It’s now a couple of weeks since we finished the C2C route from Workington to Tynemouth. It was a great week and although it was a lot of hard work it was great fun.
Since then I’ve found myself sitting at work wishing that I could just go out on my bicycle for a ride rather than catch up with all the tasks that were waiting for my return from annual leave. I pulled together the numbers for our ride, both the daily ride and the totals for ascent and descent.
I’ve noted the alternatives that we opted for and the detours that we were forced to make due to the damage to a number of bridges during flooding.
|Date||Distance||Ascent (feet)||Descent (feet)||Extra notes|
|08/05/2016||30.03||3,202||2,916||Workington to Keswick|
|Notes||Longer than expected due to a substantial detour after floods washed out bridges on the main route. After Cockermouth it took us across to Low Lorton where we hooked up with the Whitehaven to Keswick route. The detour added around 6 miles to the journey.|
|09/05/2016||22.38||2,526||2,398||Keswick to Penrith|
|Notes||A small detour on this one. We were taking the longer but less steep route—not the Old Coach Road—coming out of Keswick we weren’t able to join the railpath out of town but had to detour down towards Castlerigg Stone Circle (on the Old Coach Road route) and then turn back shortly after the circle onto our route. It probably only added a couple of miles to the journey. At Scales we took the shorter unsigned short cut that the book recommended.|
|10/05/206||28.47||3,950||2,933||Penrith to Nenthead|
|Notes||We took the Alston alternative on this route rather than the Garrigill-off road option.|
|11/05/2015||32.78||3,221||4,360||Nenthead to Consett|
|Notes||We took the on rather than off-road option out of Nenthead. We took the Stanhope alternative route.|
|12/05/2016||28.36||2,208||2,522||Consett to Tynemouth|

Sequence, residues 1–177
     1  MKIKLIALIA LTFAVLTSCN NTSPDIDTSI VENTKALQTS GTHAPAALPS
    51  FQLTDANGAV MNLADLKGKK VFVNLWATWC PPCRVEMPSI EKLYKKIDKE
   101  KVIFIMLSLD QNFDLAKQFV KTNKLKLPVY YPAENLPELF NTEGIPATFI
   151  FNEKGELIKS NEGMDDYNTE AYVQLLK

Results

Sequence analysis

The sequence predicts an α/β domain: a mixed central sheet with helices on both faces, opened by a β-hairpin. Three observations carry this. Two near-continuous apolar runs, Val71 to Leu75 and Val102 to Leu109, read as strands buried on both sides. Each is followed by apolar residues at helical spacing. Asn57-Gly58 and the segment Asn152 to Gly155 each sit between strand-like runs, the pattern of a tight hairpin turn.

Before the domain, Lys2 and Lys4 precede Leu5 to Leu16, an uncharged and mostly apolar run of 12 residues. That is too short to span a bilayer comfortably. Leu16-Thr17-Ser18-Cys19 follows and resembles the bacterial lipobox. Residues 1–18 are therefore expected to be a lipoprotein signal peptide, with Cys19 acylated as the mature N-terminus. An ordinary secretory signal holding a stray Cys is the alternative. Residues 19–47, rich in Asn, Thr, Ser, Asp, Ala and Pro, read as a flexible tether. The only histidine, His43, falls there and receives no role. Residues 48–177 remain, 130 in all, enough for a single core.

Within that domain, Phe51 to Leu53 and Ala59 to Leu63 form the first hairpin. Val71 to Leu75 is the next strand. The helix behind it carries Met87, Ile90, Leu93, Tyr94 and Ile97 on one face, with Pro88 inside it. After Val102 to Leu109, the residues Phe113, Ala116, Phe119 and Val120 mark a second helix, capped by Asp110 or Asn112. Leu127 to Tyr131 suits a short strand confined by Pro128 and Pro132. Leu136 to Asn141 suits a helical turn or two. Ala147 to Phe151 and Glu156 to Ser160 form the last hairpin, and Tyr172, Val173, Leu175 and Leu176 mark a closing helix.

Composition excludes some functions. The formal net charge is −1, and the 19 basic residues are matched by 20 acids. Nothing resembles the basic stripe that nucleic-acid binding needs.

|Notes||We took the route along the north bank of the Tyne (the Newcastle-side) rather than the Gateshead option.|
|Totals||142.02 miles||15,107 feet||15,129 feet|
We stayed in some nice hotels along the way. Our first night was in Keswick where we stayed in the first of several pubs, the Twa Dogs a few minutes walk out of the centre of town. Our bikes were stowed away securely in the cellar. The room was large and the hotel quiet. We had a pleasant dinner in town (Lakes Bar and Bistro) and breakfast in the hotel. We also popped into the newish Wetherspoons (The Chief Justice of the Common Pleas) to see the converted court/police station.
In Penrith we stayed in a bed and breakfast, the Blue Swallow Guest House. Our bicycles were kept securely under cover. The room was pretty but also quite small. We did have a nice breakfast here. We ate at The Lounge in Penrith which was a little noisy with a young crowd but offered nice food. It had a blue plaque out front announcing that a trooper who had charged with the Light Brigade at Balaklava in 1854 had lived there. I suspect he wouldn’t have recognised the place.
Our favourite place that we stayed in was the Miners Arms in Nenthead. Another pub with accommodation and a secure place for the bicycles in the coal shed! This hotel provided the nicest room, large, quiet and modern with a great shower. We had a great dinner and breakfast too in the pub. It also had a bicycle shop next door. What isn’t there to love about that!
In Consett we stayed at Shotley Bridge in another pub, the Crown and Crossed Swords. Our bicycles spent the night locked away night in their attached stables (no horses were present!). The hotel was a little dated and the bed rather lumpy but it wasn’t such a problem as we were pretty tired. Breakfast was fine. We had dinner over the road at an Italian restaurant, Sale Pepe.
Our final night was in Tynemouth at the art deco Park Hotel overlooking the sea. In a somewhat makeshift arrangement, our bicycles were brought inside and left in one of the offices so again really secure. A slightly tired hotel with wi fi that only really worked in the corridors but hey you can’t have everything!
Kyla & Erik